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Advocates for better housing conditions in the District are calling on the D.C. Council to pass a bill that will overhaul a D.C. regulatory agency in the wake of an August fire in a rental unit that left two tenants dead, including a 9-year-old boy. 

The Council will hear today from several housing advocates on the Department of Consumer and Regulatory Affairs’ (DCRA) response to the fire on Kennedy Street NW. 

Also testifying will be DCRA’s Director Ernest Chrappah, Deputy Mayor for Public Safety and Justice Kevin Donahue, ANC3D01 Commissioner Chuck Elkins, and Vice President of the International Association of Firefighters Local 36 Joseph Papariello

Two of those housing advocates, Beth Harrison, director of housing law unit with the Legal Aid Society of D.C., and Kathy Zeisel, senior supervising attorney with the Children’s Law Center, will be calling for parts of DCRA itself to be replaced with a tenant-focused agency.

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On Aug. 18, a fire ripped through the unlicensed basement rental unit of a building at 708 Kennedy St. NW killing two tenants: 9-year-old Yafet Solomon and 40-year-old Fitsum Kebede. It sparked intense scrutiny of the actions of DCRA, the Metropolitan Police Department, and the Fire and Emergency Medical Services (FEMS) leading up to the fire.

According to a report released on Oct. 25 by an independent consulting firm hired by the city, the property had no working smoke detectors, no lighted exit signs or fire exits, only one untagged fire extinguisher, and padlocked doors that prevented occupants from exiting in the case of an emergency. 

But more damning was what the Washington Post first reported in September and the report confirms: DCRA had failed to follow-up or respond appropriately to a police complaint of unsafe conditions within the home in the five months leading up to the fire. Meanwhile, FEMS failed to follow-up on the original MPD complaint. 

The report outlines how an MPD officer reported code violations at the home in March to DCRA and FEMS via email and then continued to follow-up multiple times within a five month-span. It wasn’t until May that a DCRA inspector went to the property, but failed to enter it or document observations three separate times.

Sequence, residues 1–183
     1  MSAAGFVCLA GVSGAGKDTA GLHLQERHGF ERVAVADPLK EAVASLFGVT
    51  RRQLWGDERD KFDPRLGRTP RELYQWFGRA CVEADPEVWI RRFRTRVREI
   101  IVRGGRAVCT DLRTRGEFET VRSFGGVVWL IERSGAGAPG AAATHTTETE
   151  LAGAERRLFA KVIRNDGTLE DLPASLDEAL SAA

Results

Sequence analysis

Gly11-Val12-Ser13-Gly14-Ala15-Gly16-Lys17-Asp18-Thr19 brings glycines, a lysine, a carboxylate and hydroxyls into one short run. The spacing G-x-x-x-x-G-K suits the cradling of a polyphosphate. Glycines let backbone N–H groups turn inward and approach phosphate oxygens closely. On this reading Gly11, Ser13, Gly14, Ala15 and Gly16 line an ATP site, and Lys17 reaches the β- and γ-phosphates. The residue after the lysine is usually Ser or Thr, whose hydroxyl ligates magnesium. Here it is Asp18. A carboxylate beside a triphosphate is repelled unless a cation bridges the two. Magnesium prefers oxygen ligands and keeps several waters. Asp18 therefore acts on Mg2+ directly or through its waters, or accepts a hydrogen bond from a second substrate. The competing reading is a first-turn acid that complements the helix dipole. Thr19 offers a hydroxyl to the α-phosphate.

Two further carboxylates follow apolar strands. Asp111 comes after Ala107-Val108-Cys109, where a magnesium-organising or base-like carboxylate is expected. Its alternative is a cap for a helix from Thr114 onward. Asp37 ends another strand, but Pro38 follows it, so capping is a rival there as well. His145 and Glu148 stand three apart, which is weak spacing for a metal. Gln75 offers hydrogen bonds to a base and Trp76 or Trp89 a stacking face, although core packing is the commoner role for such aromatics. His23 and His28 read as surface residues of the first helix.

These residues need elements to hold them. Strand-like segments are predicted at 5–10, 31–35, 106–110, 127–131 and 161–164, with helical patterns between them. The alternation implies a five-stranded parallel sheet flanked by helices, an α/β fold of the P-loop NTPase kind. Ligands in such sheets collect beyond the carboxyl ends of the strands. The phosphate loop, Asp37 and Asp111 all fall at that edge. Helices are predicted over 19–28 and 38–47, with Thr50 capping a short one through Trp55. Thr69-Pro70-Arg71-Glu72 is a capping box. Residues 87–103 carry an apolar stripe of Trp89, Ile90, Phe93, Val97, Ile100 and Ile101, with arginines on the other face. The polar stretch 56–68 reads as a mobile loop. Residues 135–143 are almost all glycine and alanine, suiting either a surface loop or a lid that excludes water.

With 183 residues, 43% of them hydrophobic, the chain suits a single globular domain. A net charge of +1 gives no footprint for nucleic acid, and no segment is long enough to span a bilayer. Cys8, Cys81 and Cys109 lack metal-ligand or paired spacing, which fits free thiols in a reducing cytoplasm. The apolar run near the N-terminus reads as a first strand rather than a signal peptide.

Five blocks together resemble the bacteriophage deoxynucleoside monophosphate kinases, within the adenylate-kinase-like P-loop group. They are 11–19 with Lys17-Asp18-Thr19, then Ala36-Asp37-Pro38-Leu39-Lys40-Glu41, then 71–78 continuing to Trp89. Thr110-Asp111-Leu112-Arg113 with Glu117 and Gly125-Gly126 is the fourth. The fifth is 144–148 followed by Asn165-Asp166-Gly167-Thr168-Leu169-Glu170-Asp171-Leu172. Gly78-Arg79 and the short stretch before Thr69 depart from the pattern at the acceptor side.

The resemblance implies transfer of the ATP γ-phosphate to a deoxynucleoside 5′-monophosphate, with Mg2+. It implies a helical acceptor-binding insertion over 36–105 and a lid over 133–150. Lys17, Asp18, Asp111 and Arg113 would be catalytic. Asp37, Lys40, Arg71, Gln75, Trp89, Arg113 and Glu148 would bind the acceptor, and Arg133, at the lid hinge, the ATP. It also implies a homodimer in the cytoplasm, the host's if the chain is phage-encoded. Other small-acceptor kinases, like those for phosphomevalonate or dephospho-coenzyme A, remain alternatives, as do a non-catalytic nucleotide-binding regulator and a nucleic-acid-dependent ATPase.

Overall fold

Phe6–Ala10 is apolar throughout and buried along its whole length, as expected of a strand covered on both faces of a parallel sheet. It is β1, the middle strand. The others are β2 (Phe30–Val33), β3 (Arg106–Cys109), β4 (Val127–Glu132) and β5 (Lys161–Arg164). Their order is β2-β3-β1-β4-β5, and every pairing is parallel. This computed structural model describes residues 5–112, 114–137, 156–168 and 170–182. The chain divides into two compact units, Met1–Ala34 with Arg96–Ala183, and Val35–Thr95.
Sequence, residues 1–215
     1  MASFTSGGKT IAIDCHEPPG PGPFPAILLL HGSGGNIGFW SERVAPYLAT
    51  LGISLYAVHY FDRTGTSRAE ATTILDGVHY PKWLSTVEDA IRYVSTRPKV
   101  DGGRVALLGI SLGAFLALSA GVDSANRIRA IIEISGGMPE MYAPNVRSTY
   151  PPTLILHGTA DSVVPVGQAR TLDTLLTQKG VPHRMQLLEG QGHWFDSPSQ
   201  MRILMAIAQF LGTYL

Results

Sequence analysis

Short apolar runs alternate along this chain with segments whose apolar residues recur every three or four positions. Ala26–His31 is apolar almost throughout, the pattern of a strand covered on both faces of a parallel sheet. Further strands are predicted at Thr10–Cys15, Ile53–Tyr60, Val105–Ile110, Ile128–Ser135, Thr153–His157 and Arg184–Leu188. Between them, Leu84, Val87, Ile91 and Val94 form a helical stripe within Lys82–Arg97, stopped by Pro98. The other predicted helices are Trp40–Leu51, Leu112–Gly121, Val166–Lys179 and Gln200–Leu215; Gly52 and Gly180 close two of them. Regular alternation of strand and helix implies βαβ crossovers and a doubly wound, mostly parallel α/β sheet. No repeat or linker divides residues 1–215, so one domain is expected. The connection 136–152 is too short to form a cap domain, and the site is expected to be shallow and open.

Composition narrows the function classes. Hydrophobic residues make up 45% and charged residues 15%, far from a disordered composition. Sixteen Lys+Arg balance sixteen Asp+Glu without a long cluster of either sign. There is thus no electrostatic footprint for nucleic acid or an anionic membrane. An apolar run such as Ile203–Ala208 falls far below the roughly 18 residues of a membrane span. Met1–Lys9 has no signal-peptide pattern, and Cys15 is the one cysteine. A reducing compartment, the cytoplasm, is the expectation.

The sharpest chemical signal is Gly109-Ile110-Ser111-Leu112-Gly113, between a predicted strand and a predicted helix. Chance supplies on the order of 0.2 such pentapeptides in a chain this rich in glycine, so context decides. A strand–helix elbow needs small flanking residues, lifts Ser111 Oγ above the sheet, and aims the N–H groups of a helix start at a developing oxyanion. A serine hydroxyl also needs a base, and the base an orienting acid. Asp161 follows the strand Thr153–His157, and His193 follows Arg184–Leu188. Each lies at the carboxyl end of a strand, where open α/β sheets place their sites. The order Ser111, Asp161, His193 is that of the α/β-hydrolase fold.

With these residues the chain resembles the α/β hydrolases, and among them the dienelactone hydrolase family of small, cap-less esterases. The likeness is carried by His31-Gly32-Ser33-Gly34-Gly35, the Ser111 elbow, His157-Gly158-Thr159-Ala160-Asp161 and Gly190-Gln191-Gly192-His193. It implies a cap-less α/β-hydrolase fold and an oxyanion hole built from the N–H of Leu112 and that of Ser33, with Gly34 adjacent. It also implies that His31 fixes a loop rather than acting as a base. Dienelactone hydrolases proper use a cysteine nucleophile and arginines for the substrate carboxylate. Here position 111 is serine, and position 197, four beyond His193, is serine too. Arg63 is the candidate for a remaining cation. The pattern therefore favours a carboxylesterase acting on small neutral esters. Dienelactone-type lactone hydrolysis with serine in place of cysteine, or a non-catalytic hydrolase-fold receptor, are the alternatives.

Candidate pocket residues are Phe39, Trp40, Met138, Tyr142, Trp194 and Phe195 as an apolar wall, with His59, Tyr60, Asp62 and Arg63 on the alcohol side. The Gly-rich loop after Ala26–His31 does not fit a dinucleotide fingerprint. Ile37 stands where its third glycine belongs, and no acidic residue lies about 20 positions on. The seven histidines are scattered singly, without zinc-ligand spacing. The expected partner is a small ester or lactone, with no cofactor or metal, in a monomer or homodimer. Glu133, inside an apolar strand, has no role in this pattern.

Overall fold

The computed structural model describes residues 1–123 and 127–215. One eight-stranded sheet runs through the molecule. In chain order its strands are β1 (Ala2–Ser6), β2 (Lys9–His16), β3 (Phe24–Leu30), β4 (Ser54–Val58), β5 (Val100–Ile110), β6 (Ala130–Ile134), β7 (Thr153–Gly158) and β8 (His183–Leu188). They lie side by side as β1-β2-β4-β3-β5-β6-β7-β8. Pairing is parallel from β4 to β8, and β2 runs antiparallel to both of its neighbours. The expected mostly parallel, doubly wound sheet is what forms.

In July, when the inspector was reassigned, the case was suspended and then closed on Aug. 16, with no word from the original investigator to MPD on the findings.

That was two days before the fatal fire. 

According to the report, DCRA, MPD and FEMS have all updated their response systems to code violation complaints and have trained and re-trained staff on logging those complaints. 

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However, the report calls on all District agencies to go further by training staff on how to properly forward complaints and creating central inboxes to receive these complaints. It calls on FEMS to create a tracking system of complaints to ensure nothing falls through the cracks. 

The report calls on DCRA to require better use of its complaint database by circulating and tracking all complaints and all observations by inspectors within it. It also says DCRA inspectors should receive approval from both a manager and program analyst before closing or suspending a case.

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Harrison and Zeisel say the report illuminates failings of DCRA that they’ve been attuned to for years. 

“Even though the result was awful, all of the missteps on DCRA’s part was something we do see every day,” Harrison says. “These are low-income individuals, people of color, immigrants, all living in low-rent, terrible conditions.”

Harrison wants to see the agency completely transformed. 

“We can’t just add inspectors, change technology, we need to do something more fundamental and that is breaking up the agency,” she says. 

Both Harrison and Zeisel support a bill introduced in January by Chairman Phil Mendelson, as well as Councilmembers Elissa Silverman, Brianne Nadeau, Mary Cheh, Charles Allen, Trayon White, Anita Bonds, Robert White, Jack Evans, Kenyan McDuffie, Vince Gray, and David Grosso that would do just that.

The bill, called the Department of Buildings Establishment Act of 2019, would transfer several functions of DCRA to the newly-established Department of Buildings. This department would promote “the health, safety, and quality of life of residents and visitors,” by inspecting all rental units within the District to ensure they are up to code. The department would also be required to submit annual data on housing complaints related to code violations and any action that was taken. 

The rest of DCRA would be redesignated at the Department of Licensing and Consumer Protection. The first public hearing on the bill will be on Dec. 10.